Via Sadie, I found an interesting post by Chris Dillow, who makes a very good critique of a post by Fraser Nelson that is a complete pile of tosh.
What Fraser is saying that these rich people are jolly good because they contribute a gigantic proportion of the total tax take and that this therefore means that Nigel Lawson was the most redistributive chancellor ever. He then talks about the good old Laffer curve and how reducing taxes on the rich makes them pay more tax.
Chris basically points out that the rich paying a greater proportion of the total tax take can simply be a sign that wealth distribution is very unequal.
Of course, at this point the right generally like to start talking about wealth creation and how this inequality creates wealth and just means a much bigger pie. So, to counter this I would like people to refer to the following graph (taken from this report):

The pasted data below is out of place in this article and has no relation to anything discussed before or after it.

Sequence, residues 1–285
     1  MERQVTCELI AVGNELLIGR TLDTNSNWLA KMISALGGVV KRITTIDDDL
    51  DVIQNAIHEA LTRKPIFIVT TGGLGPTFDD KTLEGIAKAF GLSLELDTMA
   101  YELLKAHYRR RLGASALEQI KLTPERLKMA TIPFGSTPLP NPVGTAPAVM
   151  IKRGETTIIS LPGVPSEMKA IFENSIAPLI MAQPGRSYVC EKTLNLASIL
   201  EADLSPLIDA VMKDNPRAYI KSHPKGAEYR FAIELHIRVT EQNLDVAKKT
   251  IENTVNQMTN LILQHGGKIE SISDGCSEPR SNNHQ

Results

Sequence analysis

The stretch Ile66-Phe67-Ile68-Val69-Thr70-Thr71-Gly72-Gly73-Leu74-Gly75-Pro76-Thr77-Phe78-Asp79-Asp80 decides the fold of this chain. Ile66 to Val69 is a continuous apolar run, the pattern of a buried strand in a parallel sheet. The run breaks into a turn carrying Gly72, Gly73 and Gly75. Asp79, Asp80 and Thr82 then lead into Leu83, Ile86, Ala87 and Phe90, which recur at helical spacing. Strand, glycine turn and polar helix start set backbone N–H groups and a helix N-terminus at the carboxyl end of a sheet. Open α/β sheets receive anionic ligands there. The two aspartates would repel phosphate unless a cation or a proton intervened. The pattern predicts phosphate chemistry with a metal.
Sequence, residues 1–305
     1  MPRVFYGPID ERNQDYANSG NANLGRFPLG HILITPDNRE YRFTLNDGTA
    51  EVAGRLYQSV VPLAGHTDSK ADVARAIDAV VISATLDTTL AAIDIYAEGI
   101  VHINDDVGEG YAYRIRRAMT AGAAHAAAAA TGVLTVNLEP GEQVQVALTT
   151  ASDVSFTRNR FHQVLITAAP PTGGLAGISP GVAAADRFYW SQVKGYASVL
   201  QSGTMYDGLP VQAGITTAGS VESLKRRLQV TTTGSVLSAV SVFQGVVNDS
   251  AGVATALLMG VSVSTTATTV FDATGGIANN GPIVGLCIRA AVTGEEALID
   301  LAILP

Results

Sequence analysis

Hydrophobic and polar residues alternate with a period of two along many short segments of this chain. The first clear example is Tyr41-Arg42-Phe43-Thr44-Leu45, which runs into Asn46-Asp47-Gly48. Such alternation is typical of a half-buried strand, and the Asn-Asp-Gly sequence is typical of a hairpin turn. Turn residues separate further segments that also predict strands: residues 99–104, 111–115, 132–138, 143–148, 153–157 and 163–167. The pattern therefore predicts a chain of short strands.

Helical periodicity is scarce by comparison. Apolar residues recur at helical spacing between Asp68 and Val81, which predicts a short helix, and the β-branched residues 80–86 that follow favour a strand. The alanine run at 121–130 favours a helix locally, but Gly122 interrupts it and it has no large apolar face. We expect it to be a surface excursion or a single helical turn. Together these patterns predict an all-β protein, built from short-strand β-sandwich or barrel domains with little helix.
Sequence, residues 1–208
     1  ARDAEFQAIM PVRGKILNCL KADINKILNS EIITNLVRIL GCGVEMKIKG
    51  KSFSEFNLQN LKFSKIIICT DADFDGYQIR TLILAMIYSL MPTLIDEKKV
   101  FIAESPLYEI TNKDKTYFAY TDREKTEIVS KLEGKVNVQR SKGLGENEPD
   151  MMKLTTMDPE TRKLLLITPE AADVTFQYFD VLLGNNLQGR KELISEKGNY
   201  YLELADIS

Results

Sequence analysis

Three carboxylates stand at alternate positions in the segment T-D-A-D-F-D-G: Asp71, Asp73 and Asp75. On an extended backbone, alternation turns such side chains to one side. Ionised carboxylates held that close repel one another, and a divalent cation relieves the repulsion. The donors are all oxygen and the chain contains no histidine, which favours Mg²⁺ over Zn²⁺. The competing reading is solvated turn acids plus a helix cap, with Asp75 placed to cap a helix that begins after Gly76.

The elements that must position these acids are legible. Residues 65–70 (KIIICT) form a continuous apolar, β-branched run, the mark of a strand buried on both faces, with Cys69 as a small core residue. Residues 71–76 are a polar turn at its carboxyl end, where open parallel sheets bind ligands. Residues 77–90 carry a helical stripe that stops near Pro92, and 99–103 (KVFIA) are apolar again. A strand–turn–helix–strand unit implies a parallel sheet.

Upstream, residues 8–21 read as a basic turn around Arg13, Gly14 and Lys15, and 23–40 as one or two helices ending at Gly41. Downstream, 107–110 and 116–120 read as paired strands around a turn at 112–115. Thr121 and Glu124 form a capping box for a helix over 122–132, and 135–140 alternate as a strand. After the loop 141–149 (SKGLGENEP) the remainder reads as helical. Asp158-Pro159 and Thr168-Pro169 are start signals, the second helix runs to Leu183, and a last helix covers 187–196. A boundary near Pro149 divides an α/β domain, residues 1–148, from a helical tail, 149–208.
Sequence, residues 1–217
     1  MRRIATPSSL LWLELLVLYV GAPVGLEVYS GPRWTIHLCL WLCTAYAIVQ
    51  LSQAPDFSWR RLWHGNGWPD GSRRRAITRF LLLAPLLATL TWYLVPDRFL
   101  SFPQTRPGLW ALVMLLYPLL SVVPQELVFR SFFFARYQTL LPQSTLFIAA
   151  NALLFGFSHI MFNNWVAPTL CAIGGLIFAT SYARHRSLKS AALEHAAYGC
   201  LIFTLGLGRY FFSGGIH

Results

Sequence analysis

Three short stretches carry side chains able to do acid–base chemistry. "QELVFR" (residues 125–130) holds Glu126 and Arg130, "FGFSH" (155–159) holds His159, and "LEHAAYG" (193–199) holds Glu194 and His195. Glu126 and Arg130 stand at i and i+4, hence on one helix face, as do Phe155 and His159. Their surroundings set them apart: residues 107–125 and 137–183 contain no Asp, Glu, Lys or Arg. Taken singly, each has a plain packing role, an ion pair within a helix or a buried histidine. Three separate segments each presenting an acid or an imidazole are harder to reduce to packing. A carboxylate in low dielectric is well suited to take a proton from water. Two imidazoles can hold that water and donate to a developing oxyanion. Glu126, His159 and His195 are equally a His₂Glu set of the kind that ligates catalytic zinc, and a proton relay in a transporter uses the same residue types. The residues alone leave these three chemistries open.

Lawson's tenure is marked in blue, I've added marks in red to in order to mark the figures I'm about to refer to. I'm using the wider context of 1960 - 1980 and 1980 - 2000, this seems fair enough since Lawsons tenure began early on in the second period.
So, let's compare GDP per capita for the wealth creating 20 years after 1980 with the more equal but supposedly less productive 20 years before the 80's. In 1960 the figure (in 1995 £'s) is £6,000 in 1980 the figure is £9,000 meaning a 50% increase in wealth in this 20 year period. By 2000 the figure is at £13,500 which is of course a 50% increase on 1980.
Obviously, economic growth between 1960 and 1980 was about the same as growth between 1980 and 2000, the whole idea that these tax cuts for the rich lead to "wealth creation" is a myth. The rich have taken a larger share of the country's wealth at the expense of everyone else.